Children Born Outside of the US May be US Citizens at Birth
By Reuben Seguritan
May 16, 2018
When a child is born in the United States, he or she is a United States citizen at birth. If a child is born outside the United States, the child may also be a US citizen at birth, so long as at least one parent is a US citizen at the time of the child’s birth.
When both parents are US citizens, there is no doubt that the child is a US citizen at birth, even if the child was born abroad. The same is true when a US citizen is married to a non-US citizen and a child is born because of this union. The child is a US citizen from birth, regardless of where the child was born. However, the law requires that the US citizen parent must have lived in the United States for at least five years prior to the birth of the child and at least two years of that period must be after the age of 14.
If the child was born in the Philippines, the United States requires that the birth of the child be reported to the US Embassy in Manila. After completing the required forms, submitting the required documents, payment and interview at the Embassy, the Consular Report of Birth Abroad (CRBA) will be issued. The CRBA is an official record of U.S. citizenship issued to a person under age 18 who was born abroad to United States citizen parent(s) and acquired citizenship at birth. Only the child’s biological parent or legal guardian, preferably the US citizen parent, can apply for the CRBA. Either parent, including the non-US citizen parent, may execute and sign the application. If it will be signed and executed by a legal guardian, a special power of attorney from the parent or parents or guardianship affidavit must be submitted. The application must be made before the child’s 18th birthday and the child must make a personal appearance at the US Embassy.
In a recent case decided by the US Supreme Court, the question was raised as to whether a child born abroad to his unwed parents, his US citizen father and his South American mother, made him a US citizen at birth.
The Immigration and Nationality Act (INA) provides the framework for acquisition of US citizenship from birth by a child born abroad, when one parent is a US citizen and the other parent is a citizen of another nation. Applicable to married couples, the main rule requires the US citizen parent to have five years of physical presence in the United States prior to the child’s birth, at least two of which were after attaining the age of 14. The rule is made applicable to unwed US citizen fathers. However, this rule does not apply to unwed US citizen mothers. The rule for unwed US citizen mothers only requires them to have continuously lived in the US for one year prior to the child’s birth.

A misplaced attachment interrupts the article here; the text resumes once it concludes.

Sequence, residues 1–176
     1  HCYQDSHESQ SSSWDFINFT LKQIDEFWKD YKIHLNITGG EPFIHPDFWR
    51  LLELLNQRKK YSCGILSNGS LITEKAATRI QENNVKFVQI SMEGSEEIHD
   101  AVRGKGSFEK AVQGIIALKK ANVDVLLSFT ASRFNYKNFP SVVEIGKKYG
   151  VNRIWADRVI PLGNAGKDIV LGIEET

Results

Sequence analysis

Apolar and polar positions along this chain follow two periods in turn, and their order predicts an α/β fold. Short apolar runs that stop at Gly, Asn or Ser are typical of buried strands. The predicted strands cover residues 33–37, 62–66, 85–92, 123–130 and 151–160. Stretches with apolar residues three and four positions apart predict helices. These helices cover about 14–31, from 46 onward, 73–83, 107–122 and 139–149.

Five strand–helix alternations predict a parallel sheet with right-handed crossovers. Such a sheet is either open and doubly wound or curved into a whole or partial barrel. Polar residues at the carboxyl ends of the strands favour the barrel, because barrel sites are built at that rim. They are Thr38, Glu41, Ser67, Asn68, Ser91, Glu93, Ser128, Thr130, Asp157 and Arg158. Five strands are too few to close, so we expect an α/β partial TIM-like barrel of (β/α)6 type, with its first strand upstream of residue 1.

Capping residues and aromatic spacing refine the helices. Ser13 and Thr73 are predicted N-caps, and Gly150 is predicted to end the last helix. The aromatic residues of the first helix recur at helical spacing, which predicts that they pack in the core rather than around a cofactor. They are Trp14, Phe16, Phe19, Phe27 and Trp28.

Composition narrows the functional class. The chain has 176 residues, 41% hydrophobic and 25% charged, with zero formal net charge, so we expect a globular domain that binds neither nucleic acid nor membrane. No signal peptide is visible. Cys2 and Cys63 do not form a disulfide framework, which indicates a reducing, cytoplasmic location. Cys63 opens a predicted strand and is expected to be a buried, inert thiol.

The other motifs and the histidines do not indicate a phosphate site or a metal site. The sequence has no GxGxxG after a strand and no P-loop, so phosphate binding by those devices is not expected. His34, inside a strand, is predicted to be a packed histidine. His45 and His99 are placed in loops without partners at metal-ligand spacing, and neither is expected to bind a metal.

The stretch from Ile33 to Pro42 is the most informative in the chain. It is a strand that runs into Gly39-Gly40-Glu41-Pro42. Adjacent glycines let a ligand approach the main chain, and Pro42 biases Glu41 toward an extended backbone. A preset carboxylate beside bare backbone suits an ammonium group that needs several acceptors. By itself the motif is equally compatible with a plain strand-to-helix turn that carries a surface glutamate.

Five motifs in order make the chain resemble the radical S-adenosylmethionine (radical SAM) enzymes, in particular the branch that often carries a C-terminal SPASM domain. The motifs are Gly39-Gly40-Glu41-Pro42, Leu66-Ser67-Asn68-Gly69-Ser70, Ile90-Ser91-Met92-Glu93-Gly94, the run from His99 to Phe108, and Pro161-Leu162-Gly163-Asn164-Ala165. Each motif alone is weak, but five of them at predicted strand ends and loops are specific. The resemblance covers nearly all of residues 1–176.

In the said case, the child was born out of wedlock and lived in the United States since he was 13. He asserted his US citizenship based on the US citizenship of his biological father. His father moved to the Dominican Republic 20 days short of his 19th birthday, therefore failing to satisfy the required five years’ physical presence after age 14. There, he lived with the Dominican mother of the child. The US citizen accepted parental responsibility and included the child in his household. He then married the mother of his child and his name was then added to hers on the child’s birth certificate.
In 2000, the Government sought to remove the child based on several criminal convictions, stating that he was an alien because, at his birth, his father did not satisfy the requirement of five years of physical presence after age 14. The immigration judge rejected his citizenship claim and ordered his removal.
Lawyers for the child argued that the gender-based difference in the law governing acquisition of US citizenship by a child born abroad, when one parent is a US citizen, and the other a citizen of another nation was unconstitutional.
The US Supreme Court agreed with the child and stated the gender-difference in the pre-birth residence in the United States requirement of the US citizen parent violated the equal protection principle and must be struck down. Hence, the rule now states that the five-year physical presence requirement should apply, prospectively, to children born to unwed US citizens, regardless of gender.
On April 18, 2018, the United States Citizenship and Immigration Services (USCIS) issued a policy alert clarifying the new requirement. The required pre-birth physical presence of five years in the United States for the US citizen parent, regardless of gender, applies to children born out of wedlock on or after June 12, 2017. For children born before June 12, 2017, the old rule applies.
The USCIS also added that a separate agreement or contract is not required in order to prove the father of the child accepted the legal obligation to support the child (before the age of 18) or that such obligation to provide support was imposed on the father by a court or an administrative governmental agency.